Surrendering your endowment is only one option, says APMM

03 June 2008 / by Rachael Stiles
As times become hard for those worst affected by the credit crunch, APMM – the Association of Policy Market Makers – is urging people who hold endowment policies to consider the other options available before surrendering them.

As people tighten their belts in order to keep up with soaring mortgage rates and higher food prices, APMM understands that many might be trying to find ways of scraping together some cash, and that getting rid of their endowment policy might seem like an easy option.

However, it has suggested that policy holders should consider all the circumstances and options available to them, seeking expert advice before opting for endowment surrender to the company they bought it from.

Firstly, the APMM said that owners of an endowment should see if they can take a payment holiday if the reason they want to surrender is that they are struggling to keep up with the monthly cost.

The age of the policy is also an issue, it said. If the policy has been running for less than six years, then the value will not be significant.

It said that owners of endowments should check the surrender value and any bonuses which have accumulated because there might be very little benefit to surrendering, and, if it was taken out to cover a mortgage, it could leave a shortfall.

If a person is determined to get rid of it, then selling an endowment policy instead of surrendering it is worth considering, the APMM said, because this could mean that the owner of the policy gets considerably more for it than if it were surrendered.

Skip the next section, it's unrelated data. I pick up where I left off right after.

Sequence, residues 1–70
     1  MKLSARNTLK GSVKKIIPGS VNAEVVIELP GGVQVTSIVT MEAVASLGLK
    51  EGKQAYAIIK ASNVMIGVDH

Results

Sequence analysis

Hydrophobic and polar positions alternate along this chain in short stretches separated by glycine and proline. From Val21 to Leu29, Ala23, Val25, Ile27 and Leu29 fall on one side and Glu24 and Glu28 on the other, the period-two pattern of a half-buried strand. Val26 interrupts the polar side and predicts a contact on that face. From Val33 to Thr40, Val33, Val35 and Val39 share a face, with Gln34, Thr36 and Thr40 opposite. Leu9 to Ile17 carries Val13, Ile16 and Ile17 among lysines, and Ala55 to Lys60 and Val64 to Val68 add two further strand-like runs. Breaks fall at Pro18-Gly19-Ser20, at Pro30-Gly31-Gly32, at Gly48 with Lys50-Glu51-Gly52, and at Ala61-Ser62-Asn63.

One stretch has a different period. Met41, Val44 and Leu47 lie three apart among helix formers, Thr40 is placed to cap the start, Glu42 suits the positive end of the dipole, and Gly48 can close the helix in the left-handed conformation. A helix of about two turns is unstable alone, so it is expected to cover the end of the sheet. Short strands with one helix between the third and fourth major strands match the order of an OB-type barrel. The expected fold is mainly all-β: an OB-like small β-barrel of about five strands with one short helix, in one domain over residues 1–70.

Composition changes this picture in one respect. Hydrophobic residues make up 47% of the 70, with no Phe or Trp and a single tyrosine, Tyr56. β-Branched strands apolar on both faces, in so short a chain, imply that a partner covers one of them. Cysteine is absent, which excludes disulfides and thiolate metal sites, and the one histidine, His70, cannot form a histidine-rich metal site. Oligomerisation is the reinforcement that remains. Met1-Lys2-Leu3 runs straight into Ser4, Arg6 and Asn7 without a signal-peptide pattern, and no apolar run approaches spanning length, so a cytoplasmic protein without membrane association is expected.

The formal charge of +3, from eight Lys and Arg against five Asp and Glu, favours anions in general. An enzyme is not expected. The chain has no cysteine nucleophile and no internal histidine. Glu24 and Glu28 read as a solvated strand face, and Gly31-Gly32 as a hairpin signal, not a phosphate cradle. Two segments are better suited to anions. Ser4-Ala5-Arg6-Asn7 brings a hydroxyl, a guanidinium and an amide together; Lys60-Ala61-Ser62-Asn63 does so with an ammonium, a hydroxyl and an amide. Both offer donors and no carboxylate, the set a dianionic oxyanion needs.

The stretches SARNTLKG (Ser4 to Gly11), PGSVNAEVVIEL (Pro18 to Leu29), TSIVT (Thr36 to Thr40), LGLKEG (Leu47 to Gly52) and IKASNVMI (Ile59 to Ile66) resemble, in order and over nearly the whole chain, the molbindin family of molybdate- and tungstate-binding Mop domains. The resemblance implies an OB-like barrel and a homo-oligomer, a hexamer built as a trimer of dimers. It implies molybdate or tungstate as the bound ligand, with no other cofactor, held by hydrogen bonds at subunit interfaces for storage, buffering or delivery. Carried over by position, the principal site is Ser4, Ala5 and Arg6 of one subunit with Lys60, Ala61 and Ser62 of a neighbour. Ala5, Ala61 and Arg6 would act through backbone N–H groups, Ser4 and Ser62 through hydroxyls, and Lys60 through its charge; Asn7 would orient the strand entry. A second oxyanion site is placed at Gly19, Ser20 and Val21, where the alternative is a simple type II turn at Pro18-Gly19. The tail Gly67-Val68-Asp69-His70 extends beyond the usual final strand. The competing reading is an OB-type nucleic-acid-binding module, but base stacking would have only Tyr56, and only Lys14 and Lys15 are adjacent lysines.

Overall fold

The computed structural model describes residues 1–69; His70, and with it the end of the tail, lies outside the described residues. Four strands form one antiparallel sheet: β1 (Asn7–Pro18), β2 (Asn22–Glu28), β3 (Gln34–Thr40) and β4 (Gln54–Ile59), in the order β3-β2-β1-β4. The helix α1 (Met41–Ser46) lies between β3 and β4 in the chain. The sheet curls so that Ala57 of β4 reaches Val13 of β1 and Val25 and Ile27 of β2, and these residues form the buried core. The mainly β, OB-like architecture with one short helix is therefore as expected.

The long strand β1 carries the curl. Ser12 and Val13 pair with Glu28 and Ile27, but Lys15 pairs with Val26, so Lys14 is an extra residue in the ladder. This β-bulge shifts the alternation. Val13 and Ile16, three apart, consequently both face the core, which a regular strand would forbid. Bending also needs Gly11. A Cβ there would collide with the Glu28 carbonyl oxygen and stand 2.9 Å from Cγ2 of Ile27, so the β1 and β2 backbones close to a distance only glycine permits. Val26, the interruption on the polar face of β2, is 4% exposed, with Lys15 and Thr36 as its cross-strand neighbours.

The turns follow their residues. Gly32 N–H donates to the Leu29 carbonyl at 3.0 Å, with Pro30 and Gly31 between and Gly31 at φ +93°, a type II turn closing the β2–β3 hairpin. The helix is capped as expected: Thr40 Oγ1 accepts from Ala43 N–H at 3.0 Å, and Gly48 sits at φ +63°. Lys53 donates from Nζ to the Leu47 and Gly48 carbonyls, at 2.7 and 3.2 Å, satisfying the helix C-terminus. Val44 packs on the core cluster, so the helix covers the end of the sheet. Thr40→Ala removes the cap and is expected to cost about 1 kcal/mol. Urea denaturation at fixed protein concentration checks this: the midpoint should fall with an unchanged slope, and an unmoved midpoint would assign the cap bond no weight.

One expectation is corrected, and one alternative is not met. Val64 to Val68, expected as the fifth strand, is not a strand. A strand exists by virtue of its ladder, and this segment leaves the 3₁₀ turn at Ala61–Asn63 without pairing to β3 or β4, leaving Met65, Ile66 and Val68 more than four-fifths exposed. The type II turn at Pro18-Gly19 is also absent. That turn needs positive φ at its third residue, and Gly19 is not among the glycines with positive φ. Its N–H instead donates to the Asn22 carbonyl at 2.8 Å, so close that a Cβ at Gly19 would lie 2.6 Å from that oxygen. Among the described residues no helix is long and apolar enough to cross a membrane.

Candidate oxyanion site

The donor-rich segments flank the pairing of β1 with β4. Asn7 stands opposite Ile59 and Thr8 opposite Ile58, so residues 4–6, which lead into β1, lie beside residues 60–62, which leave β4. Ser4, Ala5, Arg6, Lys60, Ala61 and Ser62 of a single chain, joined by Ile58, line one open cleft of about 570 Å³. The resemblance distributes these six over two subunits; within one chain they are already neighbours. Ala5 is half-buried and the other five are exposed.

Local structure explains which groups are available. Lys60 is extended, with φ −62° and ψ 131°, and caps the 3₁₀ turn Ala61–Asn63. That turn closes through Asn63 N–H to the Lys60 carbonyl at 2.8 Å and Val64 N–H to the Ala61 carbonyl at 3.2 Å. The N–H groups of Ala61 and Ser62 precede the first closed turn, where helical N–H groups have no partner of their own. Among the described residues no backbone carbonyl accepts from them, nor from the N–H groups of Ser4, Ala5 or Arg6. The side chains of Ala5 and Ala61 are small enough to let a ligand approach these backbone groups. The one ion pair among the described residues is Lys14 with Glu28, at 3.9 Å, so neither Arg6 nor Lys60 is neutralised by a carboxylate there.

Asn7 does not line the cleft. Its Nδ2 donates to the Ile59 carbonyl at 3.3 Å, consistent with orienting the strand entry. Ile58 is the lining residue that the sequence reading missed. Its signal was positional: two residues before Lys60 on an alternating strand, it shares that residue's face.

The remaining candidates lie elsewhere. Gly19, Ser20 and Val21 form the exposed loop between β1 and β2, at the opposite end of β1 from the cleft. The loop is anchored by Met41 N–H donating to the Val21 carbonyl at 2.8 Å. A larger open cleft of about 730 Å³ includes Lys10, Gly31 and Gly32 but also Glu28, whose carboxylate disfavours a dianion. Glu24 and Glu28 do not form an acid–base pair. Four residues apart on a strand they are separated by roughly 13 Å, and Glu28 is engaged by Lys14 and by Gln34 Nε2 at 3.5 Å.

Brian Goldstein, Chairman of the APMM, said: "It is vital that endowment policyholders either get professional advice or ensure they have considered all their options before they dispose of their policy. We estimate that around £90million is lost annually by people surrendering their policies rather than selling them to market makers and this figure could increase in 2008."

What many people have found is that their endowment policy will not have grown enough in value to cover their mortgage – either because it has not matured at a rate that was expected or because they have been mis-sold endowment policies – so they consider surrendering their endowment but often find that they can get much more by selling it instead.

"Policyholders are currently receiving an average of 10 to 15 per cent more than the surrender value of a policy by selling them on to market makers." Mr Goldstein concluded. "For anyone who has already decided to dispose of their endowment, it could make good financial sense to get a quote for selling the policy rather than surrendering."

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